Topic: College of Applied Sciences and Technology
December 8, 2017
To create a larger pool of workers who are prepared to meet the needs of a 21st century economy, Indiana Governor Eric J. Holcomb wants all Indiana students to have access to computer science instruction. Ball State University is answering his challenge by working to create a new undergraduate degree in Computer Science Education. A team of Ball State faculty and staff are working closely to develop a degree that aligns with the Governor’s vision to link education to workforce training. Ball State’s proposed Computer Science Education Degree will provide the requirements of a major in computer science with the core requirements of an undergraduate degree in education.
“To be prepared for the demands of our rapidly changing economy, Indiana students need quality STEM instruction throughout their K-12 educational journey,” Gov. Holcomb said. “Putting computer and information science in every Indiana school is a big part of that. A new degree in Computer Science Education from Ball State University has great potential to help us get more teachers with computer science training into our classrooms.”
The proposed degree will build on Ball State’s existing computer science curricula. Students majoring in secondary education will be encouraged to pursue a minor in Foundation of Computer Systems. This minor provides 22 to 24 credit hours in computer science, analytics, software and hardware, and it can also be packaged as a concentration in the Elementary Education degree.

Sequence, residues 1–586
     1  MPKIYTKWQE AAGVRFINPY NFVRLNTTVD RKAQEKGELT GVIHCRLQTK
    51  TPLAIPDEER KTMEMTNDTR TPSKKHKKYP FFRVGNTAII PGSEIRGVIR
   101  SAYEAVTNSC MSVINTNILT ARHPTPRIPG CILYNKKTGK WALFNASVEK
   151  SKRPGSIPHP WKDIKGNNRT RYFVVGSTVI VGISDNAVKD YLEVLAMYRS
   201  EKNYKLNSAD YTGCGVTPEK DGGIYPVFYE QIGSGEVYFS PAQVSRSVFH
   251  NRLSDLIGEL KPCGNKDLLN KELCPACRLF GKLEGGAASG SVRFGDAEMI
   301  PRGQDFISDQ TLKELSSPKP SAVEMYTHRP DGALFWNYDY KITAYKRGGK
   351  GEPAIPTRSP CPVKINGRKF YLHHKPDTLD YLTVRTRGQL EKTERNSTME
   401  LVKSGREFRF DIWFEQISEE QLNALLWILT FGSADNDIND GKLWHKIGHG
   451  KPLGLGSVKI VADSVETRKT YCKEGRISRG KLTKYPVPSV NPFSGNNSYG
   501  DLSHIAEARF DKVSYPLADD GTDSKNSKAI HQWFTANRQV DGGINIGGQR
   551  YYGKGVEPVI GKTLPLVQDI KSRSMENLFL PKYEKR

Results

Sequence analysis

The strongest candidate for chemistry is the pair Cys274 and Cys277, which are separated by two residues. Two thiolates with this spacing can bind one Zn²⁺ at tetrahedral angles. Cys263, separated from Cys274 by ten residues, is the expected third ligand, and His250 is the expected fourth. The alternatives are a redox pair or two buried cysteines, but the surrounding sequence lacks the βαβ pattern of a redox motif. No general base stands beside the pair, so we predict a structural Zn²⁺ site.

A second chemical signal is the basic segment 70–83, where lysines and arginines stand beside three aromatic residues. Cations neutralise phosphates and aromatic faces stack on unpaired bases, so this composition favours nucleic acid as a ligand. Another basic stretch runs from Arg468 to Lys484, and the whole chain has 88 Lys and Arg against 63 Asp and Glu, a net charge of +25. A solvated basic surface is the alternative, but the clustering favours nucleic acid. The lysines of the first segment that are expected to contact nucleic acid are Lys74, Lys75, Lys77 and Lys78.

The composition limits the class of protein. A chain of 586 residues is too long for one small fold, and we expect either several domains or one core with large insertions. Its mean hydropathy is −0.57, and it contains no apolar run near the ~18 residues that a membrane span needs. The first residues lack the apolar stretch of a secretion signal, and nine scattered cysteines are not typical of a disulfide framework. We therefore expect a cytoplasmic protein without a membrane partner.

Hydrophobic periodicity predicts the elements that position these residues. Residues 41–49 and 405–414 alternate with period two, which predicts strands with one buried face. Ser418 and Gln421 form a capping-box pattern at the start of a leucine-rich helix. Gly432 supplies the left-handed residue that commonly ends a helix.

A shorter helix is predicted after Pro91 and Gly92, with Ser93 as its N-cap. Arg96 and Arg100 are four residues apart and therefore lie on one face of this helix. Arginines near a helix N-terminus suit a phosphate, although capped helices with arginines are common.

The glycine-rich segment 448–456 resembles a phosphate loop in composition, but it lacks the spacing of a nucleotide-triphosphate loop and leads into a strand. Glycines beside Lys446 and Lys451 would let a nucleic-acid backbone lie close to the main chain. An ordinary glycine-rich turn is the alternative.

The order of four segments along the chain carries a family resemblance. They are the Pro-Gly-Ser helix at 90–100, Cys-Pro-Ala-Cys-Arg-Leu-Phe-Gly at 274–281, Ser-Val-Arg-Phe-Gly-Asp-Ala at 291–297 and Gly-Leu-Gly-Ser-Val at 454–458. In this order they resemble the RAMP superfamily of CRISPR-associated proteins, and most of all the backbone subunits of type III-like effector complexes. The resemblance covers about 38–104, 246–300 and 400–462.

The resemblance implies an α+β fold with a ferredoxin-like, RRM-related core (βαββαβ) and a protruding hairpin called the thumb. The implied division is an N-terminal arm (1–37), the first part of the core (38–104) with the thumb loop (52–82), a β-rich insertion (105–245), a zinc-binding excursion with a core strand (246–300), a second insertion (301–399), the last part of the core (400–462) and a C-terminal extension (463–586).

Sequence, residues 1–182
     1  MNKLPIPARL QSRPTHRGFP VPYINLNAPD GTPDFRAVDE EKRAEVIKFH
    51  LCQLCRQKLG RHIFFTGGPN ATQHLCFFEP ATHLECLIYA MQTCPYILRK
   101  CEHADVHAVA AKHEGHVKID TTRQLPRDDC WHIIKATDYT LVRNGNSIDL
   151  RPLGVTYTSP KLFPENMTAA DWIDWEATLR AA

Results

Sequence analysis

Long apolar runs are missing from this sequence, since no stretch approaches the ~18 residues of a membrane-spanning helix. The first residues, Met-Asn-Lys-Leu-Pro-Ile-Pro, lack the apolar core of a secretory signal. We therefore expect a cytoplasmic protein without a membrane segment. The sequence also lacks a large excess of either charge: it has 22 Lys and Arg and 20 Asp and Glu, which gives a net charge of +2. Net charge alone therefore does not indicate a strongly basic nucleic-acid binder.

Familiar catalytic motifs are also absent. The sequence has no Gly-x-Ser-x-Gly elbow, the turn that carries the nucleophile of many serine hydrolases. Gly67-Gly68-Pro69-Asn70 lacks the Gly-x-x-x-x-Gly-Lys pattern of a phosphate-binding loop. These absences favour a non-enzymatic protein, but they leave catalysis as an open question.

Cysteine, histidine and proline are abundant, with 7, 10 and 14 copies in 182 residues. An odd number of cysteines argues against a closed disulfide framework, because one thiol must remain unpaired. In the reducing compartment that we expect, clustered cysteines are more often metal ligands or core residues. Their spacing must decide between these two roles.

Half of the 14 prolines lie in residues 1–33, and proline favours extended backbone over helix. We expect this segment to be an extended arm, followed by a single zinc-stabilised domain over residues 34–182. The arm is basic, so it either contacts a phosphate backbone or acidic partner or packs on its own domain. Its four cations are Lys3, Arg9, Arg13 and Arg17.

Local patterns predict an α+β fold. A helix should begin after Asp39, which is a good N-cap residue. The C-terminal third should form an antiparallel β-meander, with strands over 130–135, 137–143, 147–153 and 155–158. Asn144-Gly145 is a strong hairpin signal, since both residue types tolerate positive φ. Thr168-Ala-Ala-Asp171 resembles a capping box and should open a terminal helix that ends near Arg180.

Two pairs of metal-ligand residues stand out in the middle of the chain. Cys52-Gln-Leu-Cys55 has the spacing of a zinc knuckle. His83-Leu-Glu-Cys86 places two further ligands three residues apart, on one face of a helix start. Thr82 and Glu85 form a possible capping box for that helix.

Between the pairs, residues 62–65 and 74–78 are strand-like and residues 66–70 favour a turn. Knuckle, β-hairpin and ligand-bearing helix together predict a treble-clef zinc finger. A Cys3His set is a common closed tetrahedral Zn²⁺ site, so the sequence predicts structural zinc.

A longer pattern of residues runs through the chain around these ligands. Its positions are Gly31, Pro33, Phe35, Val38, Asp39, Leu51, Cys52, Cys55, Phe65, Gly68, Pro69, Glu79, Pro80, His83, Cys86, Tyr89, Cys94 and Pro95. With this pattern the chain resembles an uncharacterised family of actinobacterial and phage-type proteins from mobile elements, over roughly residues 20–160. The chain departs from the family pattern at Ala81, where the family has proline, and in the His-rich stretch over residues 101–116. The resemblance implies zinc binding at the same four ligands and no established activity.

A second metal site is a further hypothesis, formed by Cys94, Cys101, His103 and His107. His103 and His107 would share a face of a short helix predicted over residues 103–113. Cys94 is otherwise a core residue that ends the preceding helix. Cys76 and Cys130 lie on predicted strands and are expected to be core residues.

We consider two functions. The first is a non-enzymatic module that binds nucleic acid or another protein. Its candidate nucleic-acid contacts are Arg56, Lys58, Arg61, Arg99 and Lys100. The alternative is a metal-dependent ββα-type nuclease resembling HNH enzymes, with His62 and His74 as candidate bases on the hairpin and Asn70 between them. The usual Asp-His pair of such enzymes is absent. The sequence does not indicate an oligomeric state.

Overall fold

“I’m proud of our team at Ball State University who saw a major gap in Indiana’s educational system and came up with a long term solution,” said President Geoffrey Mearns. “This new degree will continue Ball State’s commitment to increasing the number of Indiana students who graduate with basic computer science skills, making them better equipped to enter the workforce when they graduate high school. Although we have training activities planned for current educators this summer, we realized this issue cannot be fixed by simply having events. We knew we needed do something more strategically which led to this new degree. Eventually, this degree will have positive ramifications both here in Indiana and across the nation.”
Ball State also plans to offer computer science modules online to assist individual teachers throughout the school year and develop course-based outreach programs for elementary, middle and high school students.
The new program still must gain approval from the Ball State Board of Trustees, the Indiana Commission for Higher Education, and the college accreditor.